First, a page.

Why Erdogan's flexing muscle in Karabakh

The deepening conflict between Armenian and Azerbaijani armed forces has resulted in a regional power - Turkey - throwing its weight against both Russia and its own NATO allies.
And its President Tayyip Erdogan has described it as part of a search for Turkey's "deserved place in the world order".
Turkey is supporting Azerbaijan in the fighting over the Nagorno-Karabakh region.
Turkey-made drones are now leading Azerbaijani strikes, and a senior official in Ankara said Turkey is providing infrastructure and support for the weapons even though it has no troops on the ground.
Hundreds of dead, heavy artillery, tanks and planes. It's the worst fight in decades.
Erdogan sees an opportunity to change the status quo rather than following decades of mediation efforts by the US, France and Russia that he says have failed.
And to strengthen support at home by flexing muscles abroad.
Ankara's reliance on gas imports from Azerbaijan is another incentive.
The Nagorno-Karabakh enclave belongs to Azerbaijan, but is ruled and populated by ethnic Armenians.
Cross-border campaigns like Turkey's in northern Syria, Iraq and Libya are Erdogan's priority, another Turkish official said, and encourage support for his party.
Turkey, however, denies the French and Syrian presidents' allegations that they sent Syrian jihadists they support to fight in Nagorno-Karabakh.
And Russian allegations send mercenaries.
Although Turkey's stance poses an implicit threat to Armenia and its ally Moscow, Erdogan is also counting on Turkey and Russia, despite their differences, to get along well enough to prevent a major conflict in the region.
Video transcript
- In the deepening conflicts between Armenian and Azerbaijani armed forces, a regional power, Turkey, has thrown its weight against both Russia and its own NATO allies, and its President Tayyip Erdogan has it as part of a search for the "deserved place "Turkey described in the world order. "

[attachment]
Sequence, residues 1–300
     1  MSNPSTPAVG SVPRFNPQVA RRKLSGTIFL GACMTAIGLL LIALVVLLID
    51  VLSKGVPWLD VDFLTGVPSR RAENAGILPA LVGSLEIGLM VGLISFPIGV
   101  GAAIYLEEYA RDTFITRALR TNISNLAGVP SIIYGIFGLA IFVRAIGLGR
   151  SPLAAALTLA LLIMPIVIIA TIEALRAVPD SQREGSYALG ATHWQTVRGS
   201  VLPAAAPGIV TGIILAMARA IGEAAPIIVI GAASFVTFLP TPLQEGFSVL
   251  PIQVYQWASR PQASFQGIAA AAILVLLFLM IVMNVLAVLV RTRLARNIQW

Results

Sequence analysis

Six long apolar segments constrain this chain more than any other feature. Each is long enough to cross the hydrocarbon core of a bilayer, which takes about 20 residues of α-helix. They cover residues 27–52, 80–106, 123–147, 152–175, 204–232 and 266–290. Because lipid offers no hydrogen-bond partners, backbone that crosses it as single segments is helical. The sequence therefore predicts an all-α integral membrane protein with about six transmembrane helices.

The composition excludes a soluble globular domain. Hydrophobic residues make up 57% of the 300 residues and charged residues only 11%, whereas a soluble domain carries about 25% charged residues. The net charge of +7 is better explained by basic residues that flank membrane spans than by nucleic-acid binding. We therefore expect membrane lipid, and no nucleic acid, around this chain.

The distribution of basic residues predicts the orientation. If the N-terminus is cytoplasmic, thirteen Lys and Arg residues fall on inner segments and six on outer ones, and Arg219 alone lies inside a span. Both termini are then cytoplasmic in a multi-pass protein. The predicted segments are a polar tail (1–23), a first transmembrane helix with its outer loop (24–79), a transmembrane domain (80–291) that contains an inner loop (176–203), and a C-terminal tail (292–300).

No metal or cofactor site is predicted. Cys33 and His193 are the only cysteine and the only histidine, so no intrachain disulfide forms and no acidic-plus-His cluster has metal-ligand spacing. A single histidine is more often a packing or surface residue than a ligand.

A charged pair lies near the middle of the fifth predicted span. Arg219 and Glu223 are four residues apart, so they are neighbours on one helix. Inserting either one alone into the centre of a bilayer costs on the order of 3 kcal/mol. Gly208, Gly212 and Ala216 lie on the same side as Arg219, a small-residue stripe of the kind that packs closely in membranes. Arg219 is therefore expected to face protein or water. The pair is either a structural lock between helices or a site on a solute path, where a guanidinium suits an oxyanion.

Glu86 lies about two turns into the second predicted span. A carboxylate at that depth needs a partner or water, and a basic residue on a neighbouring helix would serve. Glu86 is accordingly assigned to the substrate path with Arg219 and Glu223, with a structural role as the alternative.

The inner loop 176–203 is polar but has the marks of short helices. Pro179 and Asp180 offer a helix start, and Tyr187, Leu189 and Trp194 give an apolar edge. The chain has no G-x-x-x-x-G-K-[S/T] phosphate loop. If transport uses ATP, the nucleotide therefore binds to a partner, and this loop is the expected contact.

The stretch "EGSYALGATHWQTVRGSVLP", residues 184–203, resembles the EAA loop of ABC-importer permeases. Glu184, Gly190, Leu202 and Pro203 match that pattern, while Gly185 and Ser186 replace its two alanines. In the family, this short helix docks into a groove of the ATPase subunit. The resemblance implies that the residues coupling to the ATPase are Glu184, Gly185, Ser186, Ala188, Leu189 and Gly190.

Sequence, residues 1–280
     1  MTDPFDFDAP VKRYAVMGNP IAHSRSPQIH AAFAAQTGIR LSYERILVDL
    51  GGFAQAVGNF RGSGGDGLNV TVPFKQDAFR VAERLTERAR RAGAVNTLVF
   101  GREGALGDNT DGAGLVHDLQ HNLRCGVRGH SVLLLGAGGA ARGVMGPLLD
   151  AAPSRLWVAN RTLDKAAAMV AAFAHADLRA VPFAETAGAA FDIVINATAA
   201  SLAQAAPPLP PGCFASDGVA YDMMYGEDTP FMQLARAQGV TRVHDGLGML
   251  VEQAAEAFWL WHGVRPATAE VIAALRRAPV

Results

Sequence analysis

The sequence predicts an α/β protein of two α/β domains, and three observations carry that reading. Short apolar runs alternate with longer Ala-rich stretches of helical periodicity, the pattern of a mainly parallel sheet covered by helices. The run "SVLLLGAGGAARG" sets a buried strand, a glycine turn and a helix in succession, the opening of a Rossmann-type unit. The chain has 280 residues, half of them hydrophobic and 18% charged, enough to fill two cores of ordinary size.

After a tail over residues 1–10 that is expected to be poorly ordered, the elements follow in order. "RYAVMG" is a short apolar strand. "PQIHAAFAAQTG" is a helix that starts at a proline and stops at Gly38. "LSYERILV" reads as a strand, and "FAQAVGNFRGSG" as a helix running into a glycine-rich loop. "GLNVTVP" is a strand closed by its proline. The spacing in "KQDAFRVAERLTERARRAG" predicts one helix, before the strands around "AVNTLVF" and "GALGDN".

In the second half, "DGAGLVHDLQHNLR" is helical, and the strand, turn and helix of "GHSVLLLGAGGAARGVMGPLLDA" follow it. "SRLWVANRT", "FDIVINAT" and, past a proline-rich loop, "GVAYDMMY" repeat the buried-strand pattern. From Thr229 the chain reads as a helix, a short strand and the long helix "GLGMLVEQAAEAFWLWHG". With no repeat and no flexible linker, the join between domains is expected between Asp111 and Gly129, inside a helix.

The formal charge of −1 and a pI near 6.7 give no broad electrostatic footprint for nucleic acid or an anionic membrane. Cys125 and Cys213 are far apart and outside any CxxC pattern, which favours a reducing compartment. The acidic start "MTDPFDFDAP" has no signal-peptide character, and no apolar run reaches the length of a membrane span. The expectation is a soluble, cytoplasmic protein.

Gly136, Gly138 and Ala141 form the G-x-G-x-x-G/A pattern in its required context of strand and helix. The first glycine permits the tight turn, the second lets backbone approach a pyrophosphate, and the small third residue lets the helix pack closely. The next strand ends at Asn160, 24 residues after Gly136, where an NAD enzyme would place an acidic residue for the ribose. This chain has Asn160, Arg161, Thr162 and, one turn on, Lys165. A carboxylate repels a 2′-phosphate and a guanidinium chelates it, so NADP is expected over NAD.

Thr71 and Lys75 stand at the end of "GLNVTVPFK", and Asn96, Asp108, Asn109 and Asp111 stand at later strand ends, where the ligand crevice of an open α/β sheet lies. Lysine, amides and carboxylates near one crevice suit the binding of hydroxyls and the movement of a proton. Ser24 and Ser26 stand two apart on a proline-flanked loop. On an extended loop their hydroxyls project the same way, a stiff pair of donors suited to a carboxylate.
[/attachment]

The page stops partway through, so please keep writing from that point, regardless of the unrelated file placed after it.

Turkey is supporting Azerbaijan in the fighting over the Nagorno-Karabakh region. Turkey-made drones are now leading Azerbaijani attacks, and a senior official in Ankara said Turkey is providing infrastructure and support for the weapons even though it has no troops on the ground. Hundreds of dead, heavy artillery, tanks and planes - it's the worst fight in decades.
Edogan sees an opportunity to change the status quo rather than following the decade-long mediation efforts of the US, France and Russia, which he believes have failed, and bolstering domestic support by building muscle abroad. Ankara's reliance on gas imports from Azerbaijan is another incentive.
The Nagorno-Karabakh enclave belongs to Azerbaijan, but is ruled and populated by ethnic Armenians. Cross-border campaigns such as those carried out by Turkey in northern Syria, Iraq and Libya are Erdogan's priority, another Turkish official said, and encourage support for his party. Turkey, however, denies the French and Syrian presidents' allegations of sending Syrian jihadists to help fight in Nagorno-Karabakh and the Russian allegations of sending mercenaries.
Although Turkey's stance poses an implicit threat to Armenia and its ally Moscow, Erdogan is also counting on Turkey and Russia, despite their differences, to get along well enough to prevent a major conflict in the region.

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